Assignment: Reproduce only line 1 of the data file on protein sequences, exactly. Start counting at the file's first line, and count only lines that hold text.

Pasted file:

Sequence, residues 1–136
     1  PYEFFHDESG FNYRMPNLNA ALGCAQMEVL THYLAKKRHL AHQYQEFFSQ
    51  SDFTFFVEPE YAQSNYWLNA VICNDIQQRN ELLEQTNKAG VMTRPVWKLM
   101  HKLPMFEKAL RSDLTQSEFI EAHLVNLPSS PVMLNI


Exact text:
Sequence, residues 1–136